The year may be over, but after 24 trips to the theatre, it’s been a good one. From the absolute stinkers (Treasure Island, I’m looking at you) to some of the best performances on stage this decade, it’s been a mixed bag, but fun none the less. To celebrate the year in theatre, here are my top 10 productions of 2015:
#1 A View from the Bridge, Wyndham’s Theatre ★★★★★
I may have missed this in the theatre at both the Young Vic and the Wyndham’s, but I did manage to catch it as part of the year’s NT Live showings, and I sure am glad I did. Arguably the best thing I have seen performed on stage ever, let alone this year, it was anchored by Mark Strong’s captivating performance as Eddie, but ultimately there wasn’t a single weak link in the cast. Visually stripped back and yet incredibly striking, it is hands down my top pick from the year and thoroughly deserves its place over on Broadway in its current transfer. Read my full review here.
#2 Gypsy, Savoy Theatre ★★★★★
It may have been a poor year for new musicals, but proving that sometimes picking from the back catalogue can be more of an audience pull is Gypsy. Imelda Staunton has been getting all the praise as Momma Rose in this Chichester Festival Theatre production, and she’ll be getting a lot more as we move into awards season. With an old school feel, intricate design and strong performances from the whole cast, it charmed audiences during its limited run at the Savoy, and has set the tone for two more upcoming revivals at the same theatre: Guys and Dolls and Funny Girl. Read my full review here.
#3 Matilda, Cambridge Theatre ★★★★★
A new one for me, but not to the scores of families who have loved and supported it for the past few years. There’s a real shortage of family friendly musicals in London at the minute, but the West End is all the better for holding onto this one. With plenty of humour, a cracking score and a stunning design, it’s hands down the best choice for anyone wanting to see something with the kids, while still having enough adult humour to please the parents. Read my full review here.
#4 Splendour, Donmar Warehouse ★★★★★
Not universally loved, and it had a mixed response from the critics, but I really engaged with this one, and it was my favourite production at the Donmar Warehouse this year. While Sinead Cusack played the lead, it was really about all four of the women, and the cast did an incredible job at keeping the momentum during the two-hour running time. But it was Abi Morgan’s script which had me hooked, weaving narratives and timelines seamlessly to build tension as the play went on. Read my full review here.
#5 The Vote, Donmar Warehouse ★★★★
It may have been an inconsistent year for the Donmar, but here’s another entry from them. This time, it was the two-week long run of The Vote, which culminated in a live performance broadcast on election night. While the comedy played out more like a TV sitcom, this was largely well received for providing a humorous look at the intricacies of an archaic voting system. With great performances from all the leads and an f-bomb from Judi Dench, this was a truly one of a kind play. Read my full review here.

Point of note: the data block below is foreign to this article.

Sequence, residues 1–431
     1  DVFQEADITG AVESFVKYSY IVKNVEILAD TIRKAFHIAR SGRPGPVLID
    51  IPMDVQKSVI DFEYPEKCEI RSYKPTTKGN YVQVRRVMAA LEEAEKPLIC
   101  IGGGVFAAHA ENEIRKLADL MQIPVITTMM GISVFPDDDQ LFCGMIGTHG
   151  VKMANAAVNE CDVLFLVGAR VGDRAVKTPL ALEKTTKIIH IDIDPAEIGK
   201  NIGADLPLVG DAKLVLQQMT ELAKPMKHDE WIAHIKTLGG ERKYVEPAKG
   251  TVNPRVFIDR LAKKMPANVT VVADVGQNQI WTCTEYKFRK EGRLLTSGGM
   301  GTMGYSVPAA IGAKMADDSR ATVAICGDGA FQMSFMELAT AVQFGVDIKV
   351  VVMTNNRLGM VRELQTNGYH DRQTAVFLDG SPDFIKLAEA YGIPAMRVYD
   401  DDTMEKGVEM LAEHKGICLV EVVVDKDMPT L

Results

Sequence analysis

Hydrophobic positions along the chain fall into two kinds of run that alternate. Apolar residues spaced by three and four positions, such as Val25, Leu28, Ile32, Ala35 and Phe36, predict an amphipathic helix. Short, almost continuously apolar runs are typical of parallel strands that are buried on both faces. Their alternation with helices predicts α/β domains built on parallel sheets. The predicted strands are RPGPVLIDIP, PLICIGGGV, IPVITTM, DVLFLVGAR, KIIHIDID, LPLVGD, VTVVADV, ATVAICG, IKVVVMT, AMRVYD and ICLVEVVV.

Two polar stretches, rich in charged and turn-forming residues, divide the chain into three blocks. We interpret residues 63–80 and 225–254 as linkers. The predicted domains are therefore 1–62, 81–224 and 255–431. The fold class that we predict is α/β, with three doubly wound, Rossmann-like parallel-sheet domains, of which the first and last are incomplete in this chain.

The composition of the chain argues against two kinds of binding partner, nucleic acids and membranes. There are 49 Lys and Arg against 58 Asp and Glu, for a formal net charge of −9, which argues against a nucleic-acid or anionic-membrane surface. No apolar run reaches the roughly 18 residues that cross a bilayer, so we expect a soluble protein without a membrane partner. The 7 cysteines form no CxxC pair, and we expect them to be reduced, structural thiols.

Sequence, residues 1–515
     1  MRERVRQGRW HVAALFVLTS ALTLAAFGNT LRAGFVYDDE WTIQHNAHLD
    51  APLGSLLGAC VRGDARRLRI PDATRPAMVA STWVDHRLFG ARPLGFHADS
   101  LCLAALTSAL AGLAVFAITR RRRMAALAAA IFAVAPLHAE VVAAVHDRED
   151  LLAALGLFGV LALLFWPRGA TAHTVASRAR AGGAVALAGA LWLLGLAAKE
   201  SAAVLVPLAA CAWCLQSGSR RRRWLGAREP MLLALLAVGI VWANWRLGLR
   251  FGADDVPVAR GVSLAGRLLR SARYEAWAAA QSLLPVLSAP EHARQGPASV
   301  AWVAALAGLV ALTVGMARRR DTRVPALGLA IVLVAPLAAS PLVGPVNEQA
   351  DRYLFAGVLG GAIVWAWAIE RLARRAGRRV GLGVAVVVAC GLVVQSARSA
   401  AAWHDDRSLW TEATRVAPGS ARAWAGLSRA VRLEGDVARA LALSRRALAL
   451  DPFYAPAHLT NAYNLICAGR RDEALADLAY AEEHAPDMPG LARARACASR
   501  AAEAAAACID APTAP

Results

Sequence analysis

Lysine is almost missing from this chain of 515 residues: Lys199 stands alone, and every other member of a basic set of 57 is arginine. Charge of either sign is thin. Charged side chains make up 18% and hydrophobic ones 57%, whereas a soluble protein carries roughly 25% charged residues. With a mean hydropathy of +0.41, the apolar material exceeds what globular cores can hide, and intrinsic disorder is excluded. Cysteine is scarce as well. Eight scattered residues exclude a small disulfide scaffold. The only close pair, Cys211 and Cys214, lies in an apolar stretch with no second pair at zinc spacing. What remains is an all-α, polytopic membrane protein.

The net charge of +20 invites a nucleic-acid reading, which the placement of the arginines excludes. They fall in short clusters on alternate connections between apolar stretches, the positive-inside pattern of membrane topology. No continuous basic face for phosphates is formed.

#6 The Ruling Class, Trafalgar Studios ★★★★
It was on my list of productions to watch back at the start of the year, but while it may not have been everyone’s cup of tea, there’s no denying that James McAvoy put everything he had into playing the unlikely aristocrat Jack Gurney with an erratic and zany edge that must have been truly exhausting. Watching was both terrifying and uncomfortable, but for those that opened themselves up to the spectacle of slightly odd side of the production were rewarded with a great evening. Read my full review here.
#7 City of Angels, Donmar Warehouse ★★★★
The third and final showing on the list from Donmar Warehouse is City of Angels. This revival had a real sass about it, with a film noir feel, an unbeatable cast made up of musical theatre’s top names of the moment, and a score that took you back to the 40s. In the Donmar it had an intimacy that would have been lost in larger venues, and it all made for an evening that stood out as a one of a kind opportunity to see a rarely-revived musical at its best. Read my full review here. Read my full review here.
#8 Kinky Boots, Adelphi Theatre ★★★★
So good was this Broadway transfer, I’ve already been a second time. The story of an unlikely partnership of a traditional shoemaker from Northampton and a drag queen from London, this is a camp musical with songs by Cyndi Lauper. This is fun over substance though, so while it won’t have you questioning the norms of society, it will have you up and dancing by the end, and in a lot of case off to the shoe shop to buy a pair of red high heels. Read my full review here.
#9 Man and Superman, National Theatre ★★★★
57,000 lines, two intervals and a running time of nearly four hours, this is by no means an easy ride for any actor, so to deliver a flawless performance the way that Ralph Fiennes did at the National earlier in the year was some feat! The production wasn’t flawless and the showing I went to had a rather dramatic set malfunction that got the biggest gasp of the evening from the audience, but this was up there in witnessing an actor at the top of his game. Read my full review here.
#10 Jersey Boys, Piccadilly Theatre ★★★★
My first viewing of Jersey Boys after seven years of it being the west end, this didn’t disappoint. After moving into the Piccadilly Theatre, there are parts of the production that are looking a bit rough around the edges and the design itself is poor, but with a score as strong as this has and a cast doing a cracking job with the material, it’s hard to see how this could be anything other than a really good fun night at the theatre. Read my full review here.
Disagree? What would your number one have been? Let me know in the comments below!